10. “Would?” by Alice in Chains

How to explain Alice in Chains to a rookie? 

“Would?” is a good starting place for accessing their harrowing, unvarnished, unflinching intimacy.

It is turbulent yet tightly constructed, restrained yet saturated with unmediated sorrow and woe.

“Would?” can be a confronting experience, drawing listeners in with an elusive, throbbing tempo and alluring vocals from grunge iconoclast Layne Staley (may he rest in peace).

11. “Good Enough” by Mudhoney

Unvarnished and pared down to its instrumental essentials, “Good Enough” is a stellar blend of downtempo, apathetic restlessness, and plaintive self-reflection.

Dissonant machine-age feedback keeps the listener engaged while a monotone voice devoid of big emotions infuses the song with an approachable, elusive social dropout mystique.

Mudhoney is often overshadowed by their more commercially popular nineties peers, but it is worth worshipping their gospel – they were one of the OG Sub Pop acts and helped shape the boundaries of the genre. 

12. “About A Girl” by Nirvana

The most enduring album from Nirvana’s first album, 1989’s Bleach, “About A Girl” introduced the alternative underground to a self-assured, unrepentant, restless sound.

It would not be an exaggeration to say that Bleach represented the birth of grunge, and ushered in many of the conventions that became gospel to the movement’s future acolytes.

We’re talking somber, melancholic themes and assertive, distorted electric guitar and gritty, sludgy vocals. 

13. “Hunger Strike” by Temple of the Dog

The passion project concept band of grunge’s two kingpins Eddie Vedder and Chris Cornell, “Hunger Strike” is so Pacific Northwest it hurts, with the requisite gloomy atmosphere, scruffy unwashed locks, and flannel for days.

“Hunger Strike” is a political missive like none other, couched in a plaintive, down-to-earth melody that is somehow serene.

It is reflective, self-conscious, and wholeheartedly sincere, making it a staple for college-aged tree huggers, anti-globalization protesters, and bleeding hearts to this day.  

14.  “Don’t Follow” by Alice in Chains

Rivaling “All Apologies” as grunge’s most haunting, poignant, tender acoustic offering,
Don’t Follow” brings tears, memories, heartaches, and loss to the fore with an unparalleled, gentle force.

The melody is minimalist but dizzying in its purity and earnestness, and Staley’s voice contains a frayed, wearied elegance and dignity that is jarring, even upon repeated listens. 

It is quite simply an elegy and bespeaks a timeworn beauty that is worth building an altar for. 

15. “Rooster” by Alice in Chains

“Rooster” is a song that evokes and reflects the subject matter of which it speaks: the hypocrisy and venality of the Vietnam War and political violence more generally.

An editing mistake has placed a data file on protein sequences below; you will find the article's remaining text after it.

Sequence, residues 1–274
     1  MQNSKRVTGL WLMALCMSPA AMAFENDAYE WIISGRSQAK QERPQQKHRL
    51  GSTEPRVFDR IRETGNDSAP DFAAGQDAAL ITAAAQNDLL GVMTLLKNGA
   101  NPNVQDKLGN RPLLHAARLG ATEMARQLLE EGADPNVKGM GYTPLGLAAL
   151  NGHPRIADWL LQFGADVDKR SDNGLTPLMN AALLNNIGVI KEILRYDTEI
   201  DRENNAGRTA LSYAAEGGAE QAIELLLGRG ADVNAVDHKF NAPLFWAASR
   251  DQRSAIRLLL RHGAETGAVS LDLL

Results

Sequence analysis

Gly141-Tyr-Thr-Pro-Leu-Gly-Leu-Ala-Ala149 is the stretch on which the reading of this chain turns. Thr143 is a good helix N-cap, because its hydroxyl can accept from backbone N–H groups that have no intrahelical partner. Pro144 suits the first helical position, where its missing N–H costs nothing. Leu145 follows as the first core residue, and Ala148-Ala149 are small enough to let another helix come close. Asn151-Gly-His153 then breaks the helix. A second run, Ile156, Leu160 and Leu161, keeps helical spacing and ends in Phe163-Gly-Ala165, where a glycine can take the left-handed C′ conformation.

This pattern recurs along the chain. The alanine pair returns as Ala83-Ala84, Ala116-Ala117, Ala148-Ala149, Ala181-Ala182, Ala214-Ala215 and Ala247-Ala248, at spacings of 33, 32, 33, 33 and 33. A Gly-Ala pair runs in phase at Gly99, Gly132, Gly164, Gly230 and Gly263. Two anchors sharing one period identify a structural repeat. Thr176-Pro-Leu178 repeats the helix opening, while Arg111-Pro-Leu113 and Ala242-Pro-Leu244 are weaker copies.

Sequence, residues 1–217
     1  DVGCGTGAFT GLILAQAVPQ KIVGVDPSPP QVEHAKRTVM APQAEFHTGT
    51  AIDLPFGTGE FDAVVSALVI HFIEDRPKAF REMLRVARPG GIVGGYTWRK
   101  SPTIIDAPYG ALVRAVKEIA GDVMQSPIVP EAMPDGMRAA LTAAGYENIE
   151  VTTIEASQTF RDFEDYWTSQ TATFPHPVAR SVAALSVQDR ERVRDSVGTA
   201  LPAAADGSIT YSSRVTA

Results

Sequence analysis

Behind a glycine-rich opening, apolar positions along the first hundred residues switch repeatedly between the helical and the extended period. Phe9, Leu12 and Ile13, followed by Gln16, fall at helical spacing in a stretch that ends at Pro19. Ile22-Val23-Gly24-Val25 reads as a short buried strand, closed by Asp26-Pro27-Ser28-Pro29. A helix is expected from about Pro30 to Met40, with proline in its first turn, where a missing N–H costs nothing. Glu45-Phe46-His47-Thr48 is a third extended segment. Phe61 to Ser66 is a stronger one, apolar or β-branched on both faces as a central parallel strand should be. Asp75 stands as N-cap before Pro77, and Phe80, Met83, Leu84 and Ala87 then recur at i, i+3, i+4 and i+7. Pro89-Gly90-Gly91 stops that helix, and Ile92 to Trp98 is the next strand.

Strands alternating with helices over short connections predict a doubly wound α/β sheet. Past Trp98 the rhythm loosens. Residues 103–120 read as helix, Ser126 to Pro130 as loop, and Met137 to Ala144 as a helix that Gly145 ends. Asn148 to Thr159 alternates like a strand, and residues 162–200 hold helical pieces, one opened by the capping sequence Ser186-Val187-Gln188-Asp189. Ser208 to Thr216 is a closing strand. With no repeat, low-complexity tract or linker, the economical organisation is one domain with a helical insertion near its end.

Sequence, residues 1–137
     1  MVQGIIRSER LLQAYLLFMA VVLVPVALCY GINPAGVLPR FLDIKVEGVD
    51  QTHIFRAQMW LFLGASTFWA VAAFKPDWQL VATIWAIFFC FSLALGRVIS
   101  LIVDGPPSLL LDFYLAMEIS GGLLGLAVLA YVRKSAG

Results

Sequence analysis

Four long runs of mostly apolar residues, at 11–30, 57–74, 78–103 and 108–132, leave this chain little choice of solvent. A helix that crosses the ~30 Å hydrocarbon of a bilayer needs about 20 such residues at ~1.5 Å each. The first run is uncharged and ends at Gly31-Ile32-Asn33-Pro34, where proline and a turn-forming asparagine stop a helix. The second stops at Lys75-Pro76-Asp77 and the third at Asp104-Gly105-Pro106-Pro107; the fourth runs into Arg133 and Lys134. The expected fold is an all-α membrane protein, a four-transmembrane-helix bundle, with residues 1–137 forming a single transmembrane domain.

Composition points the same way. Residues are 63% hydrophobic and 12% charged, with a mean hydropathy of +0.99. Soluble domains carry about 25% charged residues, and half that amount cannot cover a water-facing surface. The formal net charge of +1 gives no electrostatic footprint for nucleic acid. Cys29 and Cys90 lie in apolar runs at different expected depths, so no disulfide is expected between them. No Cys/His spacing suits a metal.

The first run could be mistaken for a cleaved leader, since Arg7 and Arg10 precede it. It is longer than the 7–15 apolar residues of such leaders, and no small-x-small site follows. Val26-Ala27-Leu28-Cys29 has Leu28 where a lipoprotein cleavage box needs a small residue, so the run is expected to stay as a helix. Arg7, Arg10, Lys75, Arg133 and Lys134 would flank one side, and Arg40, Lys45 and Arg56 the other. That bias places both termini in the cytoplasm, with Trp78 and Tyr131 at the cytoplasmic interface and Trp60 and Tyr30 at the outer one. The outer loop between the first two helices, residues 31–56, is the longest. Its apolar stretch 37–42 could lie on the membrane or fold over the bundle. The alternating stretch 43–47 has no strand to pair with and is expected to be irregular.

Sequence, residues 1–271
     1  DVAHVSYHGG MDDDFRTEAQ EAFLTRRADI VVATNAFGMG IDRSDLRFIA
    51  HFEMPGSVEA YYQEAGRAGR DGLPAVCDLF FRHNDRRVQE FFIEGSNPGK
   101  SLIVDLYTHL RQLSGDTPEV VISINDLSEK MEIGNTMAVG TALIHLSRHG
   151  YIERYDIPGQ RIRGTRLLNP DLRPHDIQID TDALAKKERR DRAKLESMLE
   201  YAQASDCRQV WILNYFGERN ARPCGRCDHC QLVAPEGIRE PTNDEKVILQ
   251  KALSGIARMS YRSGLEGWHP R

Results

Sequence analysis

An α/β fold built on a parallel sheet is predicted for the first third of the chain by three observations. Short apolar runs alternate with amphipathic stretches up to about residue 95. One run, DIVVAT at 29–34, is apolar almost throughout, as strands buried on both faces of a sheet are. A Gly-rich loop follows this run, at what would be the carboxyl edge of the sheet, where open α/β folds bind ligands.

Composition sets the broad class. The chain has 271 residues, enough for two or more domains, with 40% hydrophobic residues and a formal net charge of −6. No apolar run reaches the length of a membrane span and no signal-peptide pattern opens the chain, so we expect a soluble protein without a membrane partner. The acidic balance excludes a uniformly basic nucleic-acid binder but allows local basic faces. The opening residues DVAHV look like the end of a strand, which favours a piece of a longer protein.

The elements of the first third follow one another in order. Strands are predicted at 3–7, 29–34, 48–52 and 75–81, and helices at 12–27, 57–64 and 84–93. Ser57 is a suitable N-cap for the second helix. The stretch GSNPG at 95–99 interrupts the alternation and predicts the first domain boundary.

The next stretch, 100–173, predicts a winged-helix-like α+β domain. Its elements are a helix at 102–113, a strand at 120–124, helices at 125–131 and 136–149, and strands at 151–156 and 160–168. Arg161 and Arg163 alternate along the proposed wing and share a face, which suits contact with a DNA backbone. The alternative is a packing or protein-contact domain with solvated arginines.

“Rooster” takes no prisoners and has a steely resolve that veers into the undaunted, slightly gothic territory. 

This is no uplifting fare and should be handled with care and given the reverence and appreciation it is due. 

You’ll leave the experience feeling flustered and disoriented and perhaps doubtful of the world of surfaces and conformity you’ve been raised to pay heed to.

16. “Black Hole Sun” by Soundgarden

The ultimate in cognitive dissonance and dreadful surrealism, “Black Hole Sun” is zany in the most unsettling, disassociative manner possible.

It beckons us forth into an upside-down world of tumultuous semiotics and turbulent associations, as though we’ve bitten from the poison apple or imbibed in a poisonous tea in some obscure Wonderland.

Yes, it is tense and doesn’t make for easy consumption, but there is an original vitality to its vision that makes it an urgent listening experience.

17. “Sex & Candy” by Marcy Playground 

Sensual in a laissez-faire, nonplussed kind of way, “Sex & Candy” is a downtempo, no-frills anthem of stunning proportions.

Honey vocals and a lo-fi sensibility allow the moody, intriguing lyrics and evocative imagery to carry the song.

The tender, intentional acoustics, and languidly intoxicating melody entice the senses and create a sense of well-earned intimacy. 

18. “Pretend We’re Dead” by L7

Untroubled, with a resolute cheeriness and a surly hedonism, “Pretend We’re Dead” is a cheeky number with the unrepentant assurance of a teen walking out of detention.

It is fun without being frivolous, and it contains some of the conventions that would later come to define pop-punk without ostentatious instrumentals and affected vocals. 

Go walk out of detention, or skip the office, and channel your inner slacker a la “Clerks” – we give you permission.

19. “Outshined” by Soundgarden

“I’m looking California, but I’m feeling Minnesota” – have there been more on-the-nose lyrics in the grunge canon?

“Outshined” is heavy-hitting, with metal-tinged guitar tempos and percussions, and a rhythmic, patient pacing that demands acquiescence. 

Cornell’s gravelly, whiskey-rounded vocals are both relentless and poised, with a command of the room that is preternatural and inimitable. 

20. “Violet” by Hole

Hole railed against various injustices in their heady, intoxicating careers, and “Violet” might be one of their most harrowing – and challenging – listens. 

Exploring domestic violence with poetic allusions and a carnal sorrow that can’t be imitated or faked, “Violet” needs a disclaimer for newcomers because it is certainly not for the weak-hearted.

The song is hoarse, enraged, volatile, and leaves a wrenching impact.

21. “Today” by The Smashing Pumpkins

“Today” introduced the mainstream to Billy Corgan’s dazzling vocal range that fluctuates even-handedly from dream drawls to its seductive depths.